Pianist George Winston just released his 14th solo piano album called “Spring Carousel” and will be playing songs from it and from a recording career that began in 1972 at a sold-out One Longfellow Square show.
Some of Winston’s best-known albums include the seasonally-themed “Autumn,” “Winter into Spring” and “December,” his two volumes of the music of Vince Guaraldi and “Night Divides the Day – The Music of the Doors.”
Winston started off on the organ in 1967 when he was 18 years old and switched over to piano four years later. During a phone interview from his car while he was traveling to a show in Florida, Winston spoke about the making of “Spring Carousel.”
Take a listen to “Ms Mystery 1” from “Spring Carousel”
The songs were written while he was recovering from a bone marrow transplant for myelodysplastic syndrome (MDS) at City of Hope, a cancer treatment center in Duarte, California. Winston had fallen ill during a show in September of 2012 and the transplant took place in November of that year.
While recuperating, Winston spent many hours at the piano in the hospital auditorium. The songs on “Spring Carousel” are 15 of the 59 songs composed and recorded during that time period.
You had the experience of such a serious illness and then the recovery process, which translated into the “Carousel” songs. When you’d go and sit at that hospital piano what would happen? Was the process of putting these songs together emotional for you? Was it cathartic? Does it reflect the arc of your diagnosis, treatment and recovery?
It was not real emotional, I was just practicing for when I went back on tour and then these songs kind of emerged and I said, “Well, I guess these songs are about this whole thing and about City of Hope and it’s gonna be a benefit record.” It was very clear to me what it was. It was more just practicing the piano and these things emerged and I went, “Yeah, well, this is all about here — the desert area in the spring, warm in the day, pretty cold at night and the treatment and City of Hope.”
Why is it called “Spring Carousel?”
Because I came up with a bunch of these circular pieces that were carousel-like in a way, swirling, like the rotation of the planets, and repetitive, swirling like music boxes, inspired by Steve Reich. His work was definitely an inspiration as well. And I came up with about 20 carousels or so, and it was gonna be a record called “Carousel” with all those, and then there were bunch of spring songs, and then I went, “Well, instead of two records, it’s really one record,” and these 15 songs seemed to work the best together. So you pick something and then what it really is emerges over time. It takes as much time as it takes. It could take 10 years. I guess this one took three years. Time is kind of like a garden or growing food; it’s ready when it’s ready, not when I tell it to be ready.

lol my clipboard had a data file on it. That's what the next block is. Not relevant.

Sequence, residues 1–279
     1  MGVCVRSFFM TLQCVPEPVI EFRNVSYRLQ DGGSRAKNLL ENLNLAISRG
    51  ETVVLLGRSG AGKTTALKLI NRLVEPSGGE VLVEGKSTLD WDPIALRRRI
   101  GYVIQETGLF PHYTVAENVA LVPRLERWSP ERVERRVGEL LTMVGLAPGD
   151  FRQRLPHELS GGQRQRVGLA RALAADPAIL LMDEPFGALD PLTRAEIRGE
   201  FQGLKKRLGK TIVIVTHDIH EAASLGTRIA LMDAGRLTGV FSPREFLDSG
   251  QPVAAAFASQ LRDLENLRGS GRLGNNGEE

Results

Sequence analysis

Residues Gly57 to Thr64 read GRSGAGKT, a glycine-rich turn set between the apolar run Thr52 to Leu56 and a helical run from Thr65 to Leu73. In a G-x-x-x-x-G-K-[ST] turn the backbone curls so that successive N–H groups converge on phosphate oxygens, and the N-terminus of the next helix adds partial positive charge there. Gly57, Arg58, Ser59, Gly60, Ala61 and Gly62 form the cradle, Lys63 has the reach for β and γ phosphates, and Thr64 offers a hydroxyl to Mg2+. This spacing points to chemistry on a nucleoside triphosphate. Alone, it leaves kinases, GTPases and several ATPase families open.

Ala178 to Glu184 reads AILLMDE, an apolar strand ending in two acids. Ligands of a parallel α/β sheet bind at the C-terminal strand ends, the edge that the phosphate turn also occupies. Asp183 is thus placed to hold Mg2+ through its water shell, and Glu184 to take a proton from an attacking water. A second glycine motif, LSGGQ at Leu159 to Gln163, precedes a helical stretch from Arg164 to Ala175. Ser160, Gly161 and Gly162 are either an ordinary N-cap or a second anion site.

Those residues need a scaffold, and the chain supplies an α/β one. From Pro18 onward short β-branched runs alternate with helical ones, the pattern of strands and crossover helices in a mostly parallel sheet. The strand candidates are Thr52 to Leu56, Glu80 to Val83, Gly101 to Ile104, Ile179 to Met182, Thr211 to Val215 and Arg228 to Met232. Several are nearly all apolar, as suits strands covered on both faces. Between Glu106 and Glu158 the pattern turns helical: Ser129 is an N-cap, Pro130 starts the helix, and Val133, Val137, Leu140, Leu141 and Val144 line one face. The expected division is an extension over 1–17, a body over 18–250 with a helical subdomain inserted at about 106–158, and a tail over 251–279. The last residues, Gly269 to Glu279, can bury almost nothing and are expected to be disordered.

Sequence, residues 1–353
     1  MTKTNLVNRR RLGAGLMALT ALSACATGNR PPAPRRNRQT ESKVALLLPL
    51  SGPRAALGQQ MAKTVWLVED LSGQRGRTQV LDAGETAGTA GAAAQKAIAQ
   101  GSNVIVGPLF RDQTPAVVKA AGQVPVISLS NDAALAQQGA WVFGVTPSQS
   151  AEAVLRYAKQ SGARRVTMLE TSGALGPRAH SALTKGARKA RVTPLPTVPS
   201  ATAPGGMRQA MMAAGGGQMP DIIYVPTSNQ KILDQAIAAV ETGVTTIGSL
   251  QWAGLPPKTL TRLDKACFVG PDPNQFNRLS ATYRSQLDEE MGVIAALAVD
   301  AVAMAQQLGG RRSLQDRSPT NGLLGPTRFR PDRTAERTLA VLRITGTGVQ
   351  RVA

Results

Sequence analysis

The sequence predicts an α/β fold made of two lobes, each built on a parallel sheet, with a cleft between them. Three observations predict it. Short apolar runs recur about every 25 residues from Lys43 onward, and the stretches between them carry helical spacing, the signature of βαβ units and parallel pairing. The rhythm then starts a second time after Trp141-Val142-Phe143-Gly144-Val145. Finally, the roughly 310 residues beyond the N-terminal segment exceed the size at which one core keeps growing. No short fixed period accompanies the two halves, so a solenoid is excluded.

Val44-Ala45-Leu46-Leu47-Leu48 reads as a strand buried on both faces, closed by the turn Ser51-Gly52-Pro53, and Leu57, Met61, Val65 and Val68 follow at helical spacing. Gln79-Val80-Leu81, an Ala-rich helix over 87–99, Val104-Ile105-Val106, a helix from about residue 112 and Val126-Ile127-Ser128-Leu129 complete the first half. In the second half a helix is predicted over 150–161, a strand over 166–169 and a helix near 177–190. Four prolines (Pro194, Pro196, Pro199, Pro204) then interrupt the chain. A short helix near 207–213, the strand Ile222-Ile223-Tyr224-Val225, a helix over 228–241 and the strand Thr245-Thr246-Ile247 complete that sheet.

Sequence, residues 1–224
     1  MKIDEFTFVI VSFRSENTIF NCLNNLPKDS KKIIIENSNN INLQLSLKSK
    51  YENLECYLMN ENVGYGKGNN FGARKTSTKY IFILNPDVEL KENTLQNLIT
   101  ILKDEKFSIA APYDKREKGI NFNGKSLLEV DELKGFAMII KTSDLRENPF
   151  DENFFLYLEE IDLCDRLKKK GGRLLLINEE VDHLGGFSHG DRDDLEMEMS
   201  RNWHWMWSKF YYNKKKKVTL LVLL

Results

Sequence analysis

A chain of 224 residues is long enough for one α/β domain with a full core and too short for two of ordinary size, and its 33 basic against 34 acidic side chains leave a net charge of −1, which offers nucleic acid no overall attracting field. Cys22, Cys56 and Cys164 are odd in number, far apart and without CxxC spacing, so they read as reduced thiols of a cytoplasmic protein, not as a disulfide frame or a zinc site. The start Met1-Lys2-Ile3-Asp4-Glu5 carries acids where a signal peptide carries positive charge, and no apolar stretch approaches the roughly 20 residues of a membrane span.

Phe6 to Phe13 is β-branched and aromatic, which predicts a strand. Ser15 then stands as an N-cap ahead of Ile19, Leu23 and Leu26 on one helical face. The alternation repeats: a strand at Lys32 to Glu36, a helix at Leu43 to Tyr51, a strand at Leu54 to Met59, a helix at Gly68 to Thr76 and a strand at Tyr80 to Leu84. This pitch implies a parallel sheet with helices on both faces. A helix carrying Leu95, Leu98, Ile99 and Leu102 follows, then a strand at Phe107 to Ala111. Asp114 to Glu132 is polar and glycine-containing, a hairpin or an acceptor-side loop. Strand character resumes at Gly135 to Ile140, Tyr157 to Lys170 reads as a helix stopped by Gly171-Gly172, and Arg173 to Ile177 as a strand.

My favorite track at the moment is “Pixie # 13 in C (Gobajie).” What inspired that one?
It was inspired by James Booker’s work from New Orleans. He has a song called “Pixie” that I recorded on the “Gulf Coast Blues & Impressions” Katrina benefit record, and Booker has it on his album called “Junco Partner.” So it was a medium tempo blues progression with the left hand pretty much staying toward the middle of the piano, and over time, I came up with 14 other pixies kind of with that structure, and this is one of them and this one fit on the record. And they’re all inspired by a cat I knew named Gobajie who’s part of the title.
Do you travel with your own piano?
I use what one’s there. They bring one in from a piano store. I like that there are different pianos every place. It brings out different things. The traveling there, the whole process kind of adds into the music. The topographies I’m driving through or staying in, the season. That all goes into that show, however subtlety sometimes.
How many hours or how often do you play when you’re not touring?
It can be an hour or two a day, sometimes three. It depends on what is going on that day. Sometimes none. I’m always working on a record, working on about five or six at the same time. The record coming out after this was going to be the one released first, but I decided to put it second. It’s Vol. 3 of Vince Guaraldi. That will be out next year. They are always sort of growing slowly like several gardens, and you kind of tend to each one, noticing one. I’m always making records.
Do you have a time of day that you tend to gravitate more towards your piano?
The later at night the better. I’m definitely nocturnal. When the sun goes down, that’s my sunrise.
When did you start playing?
I started when I was 18 in 1967. I started on organ when I heard The Doors, and four years later, I switched to piano when I heard Fats Waller’s piano recordings from the ’20s and ’30s.
How are your fingers holding up? Is there anything you have to do, like massage or physical therapy types of things?
Sometimes there will be a night when I’ll give my hands a rest just by feel, just like you would do with your knees or anything. But if your hands are sore, there are essential oils and things like that you can rub on or get acupuncture. If there’s something that’s sore, there are things you can do.
Will you be bringing your guitar and harmonica to Maine? Do those come with you to all of your shows?
Sometimes I do harmonica solo concerts as well. There’s always a couple of guitar pieces and a harmonica piece in the shows, just to break up the piano sound.
8 p.m. Sunday. One Longfellow Square, 181 State St., Portland, $35;sold-out. onelongfellowsquare.com
Donations of canned food will be collected at the door for local food banks.